The result was the filling of a joint patent application that was related to service virtualization and acceptance of the MSE solution into the codename “Dublin” Microsoft Technology Adoption Program (TAP). “Dublin” is an extension of Windows Server that will provide enhanced hosting and management for Windows Communication Foundation (WCF) and Windows Workflow (WF) applications.

In the coming year, MCS plans to extend the ESM to include capabilities as first-class citizens. The ESM will be extended so that business capabilities can be associated with operations. When this is complete, we will be able to get end-to-end visibility—from the business capability all the way to the IT resources that deliver that capability. In our example, we find that the child capabilities are mapped to operations and that those operations are projected as virtual services. Someone who was examining the model would see the need to develop a workflow service to coordinate interaction between the three operations. After the development of that service, it too could be managed by the MSE and mapped to the Onboarding capability for dependency tracking.

As “Oslo” gets closer to release, the MSE will take it as a dependency and leverage the repository to store the metadata that represents the ESM. By utilizing “Oslo,” we will map the virtualized service and operations to the Contoso Bank Onboarding business capabilities. A business analyst or domain expert can start with business capabilities and associate the services and resources that are utilized to perform the specified business capability. The addition of the “Oslo” modeling technology will be a natural extension of the ESM and MSE.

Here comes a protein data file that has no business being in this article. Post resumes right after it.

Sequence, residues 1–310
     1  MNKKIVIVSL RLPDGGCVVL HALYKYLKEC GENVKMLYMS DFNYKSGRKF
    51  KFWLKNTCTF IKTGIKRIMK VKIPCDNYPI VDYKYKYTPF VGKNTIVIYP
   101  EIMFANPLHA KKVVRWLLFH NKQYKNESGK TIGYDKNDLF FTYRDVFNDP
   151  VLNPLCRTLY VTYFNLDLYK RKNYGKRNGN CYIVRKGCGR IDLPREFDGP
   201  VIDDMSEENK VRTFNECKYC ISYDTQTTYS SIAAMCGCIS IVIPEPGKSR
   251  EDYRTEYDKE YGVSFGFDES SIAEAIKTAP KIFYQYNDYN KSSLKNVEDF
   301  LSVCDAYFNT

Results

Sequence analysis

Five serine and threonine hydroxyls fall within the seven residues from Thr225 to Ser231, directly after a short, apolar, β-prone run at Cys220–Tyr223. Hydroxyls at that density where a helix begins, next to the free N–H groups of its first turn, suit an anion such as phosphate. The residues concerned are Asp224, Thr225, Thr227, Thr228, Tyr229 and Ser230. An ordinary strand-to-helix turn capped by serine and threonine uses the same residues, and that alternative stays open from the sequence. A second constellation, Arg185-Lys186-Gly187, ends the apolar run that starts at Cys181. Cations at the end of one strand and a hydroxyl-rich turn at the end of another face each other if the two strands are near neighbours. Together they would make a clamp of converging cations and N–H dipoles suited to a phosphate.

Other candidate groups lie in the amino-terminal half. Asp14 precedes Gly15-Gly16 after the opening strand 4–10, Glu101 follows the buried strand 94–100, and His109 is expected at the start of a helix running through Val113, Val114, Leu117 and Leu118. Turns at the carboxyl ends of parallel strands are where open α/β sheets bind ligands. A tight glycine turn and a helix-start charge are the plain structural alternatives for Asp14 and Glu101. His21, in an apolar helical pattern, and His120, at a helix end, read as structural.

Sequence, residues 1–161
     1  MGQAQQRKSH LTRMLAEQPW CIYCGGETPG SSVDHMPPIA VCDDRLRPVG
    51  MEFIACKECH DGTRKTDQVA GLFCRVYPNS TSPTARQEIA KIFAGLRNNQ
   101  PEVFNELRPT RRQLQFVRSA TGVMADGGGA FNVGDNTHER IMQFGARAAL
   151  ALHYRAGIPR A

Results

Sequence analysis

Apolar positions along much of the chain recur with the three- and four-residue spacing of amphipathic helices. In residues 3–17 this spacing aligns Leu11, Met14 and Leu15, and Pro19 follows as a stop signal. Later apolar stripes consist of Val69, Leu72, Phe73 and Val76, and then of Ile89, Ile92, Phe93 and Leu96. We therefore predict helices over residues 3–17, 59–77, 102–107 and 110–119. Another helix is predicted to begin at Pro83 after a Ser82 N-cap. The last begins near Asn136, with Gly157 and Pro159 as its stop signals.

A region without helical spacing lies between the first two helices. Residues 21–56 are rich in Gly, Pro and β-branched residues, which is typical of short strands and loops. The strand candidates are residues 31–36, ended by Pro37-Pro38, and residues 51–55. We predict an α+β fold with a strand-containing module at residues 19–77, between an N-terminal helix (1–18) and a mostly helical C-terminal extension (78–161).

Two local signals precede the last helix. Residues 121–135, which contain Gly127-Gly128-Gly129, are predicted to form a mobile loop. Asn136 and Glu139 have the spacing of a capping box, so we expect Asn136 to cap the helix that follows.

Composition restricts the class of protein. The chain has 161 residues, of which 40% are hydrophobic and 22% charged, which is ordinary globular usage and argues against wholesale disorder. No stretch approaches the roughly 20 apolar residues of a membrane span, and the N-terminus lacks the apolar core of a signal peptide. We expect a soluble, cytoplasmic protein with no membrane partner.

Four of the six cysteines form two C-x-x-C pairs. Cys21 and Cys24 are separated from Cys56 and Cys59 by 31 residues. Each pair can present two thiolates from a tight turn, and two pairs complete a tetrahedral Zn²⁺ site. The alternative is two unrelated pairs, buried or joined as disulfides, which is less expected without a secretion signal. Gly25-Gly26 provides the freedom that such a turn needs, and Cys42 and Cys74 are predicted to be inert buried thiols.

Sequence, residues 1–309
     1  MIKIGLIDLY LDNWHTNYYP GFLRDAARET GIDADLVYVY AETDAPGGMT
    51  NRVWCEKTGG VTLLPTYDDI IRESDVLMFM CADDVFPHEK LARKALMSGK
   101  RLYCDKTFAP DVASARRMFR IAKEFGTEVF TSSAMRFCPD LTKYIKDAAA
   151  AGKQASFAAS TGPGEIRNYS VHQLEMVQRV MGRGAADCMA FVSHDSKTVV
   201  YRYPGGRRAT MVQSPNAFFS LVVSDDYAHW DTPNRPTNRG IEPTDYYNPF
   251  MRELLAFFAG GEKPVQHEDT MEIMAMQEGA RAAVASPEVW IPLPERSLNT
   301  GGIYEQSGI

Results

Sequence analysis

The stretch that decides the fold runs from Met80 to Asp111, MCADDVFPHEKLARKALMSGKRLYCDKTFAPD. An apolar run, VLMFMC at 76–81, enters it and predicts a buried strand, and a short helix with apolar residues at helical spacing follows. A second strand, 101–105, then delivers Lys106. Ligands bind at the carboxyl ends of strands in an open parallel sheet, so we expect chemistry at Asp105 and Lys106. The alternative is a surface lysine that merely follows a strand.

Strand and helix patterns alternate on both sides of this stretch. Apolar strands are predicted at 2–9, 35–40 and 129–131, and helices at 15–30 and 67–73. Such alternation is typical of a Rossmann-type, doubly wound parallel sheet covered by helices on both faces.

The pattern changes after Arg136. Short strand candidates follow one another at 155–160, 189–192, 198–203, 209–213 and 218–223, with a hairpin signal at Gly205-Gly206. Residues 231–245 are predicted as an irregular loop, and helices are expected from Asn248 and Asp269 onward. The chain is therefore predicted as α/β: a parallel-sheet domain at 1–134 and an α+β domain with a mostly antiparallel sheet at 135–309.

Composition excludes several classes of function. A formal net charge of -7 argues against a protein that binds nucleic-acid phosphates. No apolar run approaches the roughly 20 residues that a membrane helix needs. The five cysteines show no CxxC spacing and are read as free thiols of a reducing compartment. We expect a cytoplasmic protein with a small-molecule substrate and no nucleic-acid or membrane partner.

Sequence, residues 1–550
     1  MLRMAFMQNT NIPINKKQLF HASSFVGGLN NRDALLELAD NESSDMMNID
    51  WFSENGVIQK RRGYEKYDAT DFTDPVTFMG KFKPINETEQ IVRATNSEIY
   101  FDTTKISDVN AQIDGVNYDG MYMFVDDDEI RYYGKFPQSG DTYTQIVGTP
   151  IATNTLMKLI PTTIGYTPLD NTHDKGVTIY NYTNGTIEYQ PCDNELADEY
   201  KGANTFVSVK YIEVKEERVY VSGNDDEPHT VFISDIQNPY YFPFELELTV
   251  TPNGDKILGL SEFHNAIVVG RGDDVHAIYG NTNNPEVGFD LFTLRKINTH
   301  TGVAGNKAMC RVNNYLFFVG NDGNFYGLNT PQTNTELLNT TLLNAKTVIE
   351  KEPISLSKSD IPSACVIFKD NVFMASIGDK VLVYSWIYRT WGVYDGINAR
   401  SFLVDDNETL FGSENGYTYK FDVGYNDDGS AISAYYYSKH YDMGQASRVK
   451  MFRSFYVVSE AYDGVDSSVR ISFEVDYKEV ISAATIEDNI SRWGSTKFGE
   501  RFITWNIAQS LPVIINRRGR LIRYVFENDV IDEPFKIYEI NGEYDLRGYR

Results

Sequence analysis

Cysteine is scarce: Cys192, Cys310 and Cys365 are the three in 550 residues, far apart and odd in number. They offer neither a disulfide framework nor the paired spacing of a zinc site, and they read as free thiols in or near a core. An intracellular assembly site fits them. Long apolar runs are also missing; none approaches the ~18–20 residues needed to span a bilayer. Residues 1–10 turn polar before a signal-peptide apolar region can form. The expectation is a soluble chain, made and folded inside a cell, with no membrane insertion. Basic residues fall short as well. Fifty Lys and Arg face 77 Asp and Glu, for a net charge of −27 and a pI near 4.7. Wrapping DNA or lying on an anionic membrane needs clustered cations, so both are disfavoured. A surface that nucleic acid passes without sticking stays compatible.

For additional information, please refer to César de la Torre Llorente’s article titled “Model-Dri ven SOA with ‘Oslo’” in this issue ofThe Microsoft Architecture Journal.



Services and applications that were developed over a period of months or even years at Contoso Bank and a variety of different technologies have been utilized. The developers at Contoso Bank followed common architectural patterns for distributed- andn-tier– application development. However, as their business evolves, they face the continued struggle of aligning applications with their business.

By focusing on a business capability such as “Onboarding,” Contoso Bank is better able to align with the applications and business processes. Instead of having to write new applications or application adapters to map to the business capability, Contoso Bank found that by leveraging an MCS solution (the managed-services engine, or MSE), their developers could create new virtual services that align with the business capability. This is possible by modeling the existing services, endpoints, operations, and data entities with the use of the ESM. This process is quickly performed by importing existing services or applications into the ESM; then, new virtual services that align with the business capabilities are defined. Service virtualization enables the composition of multiple physical resources and operations into a virtual service that aligns with the business capability.



About the Authors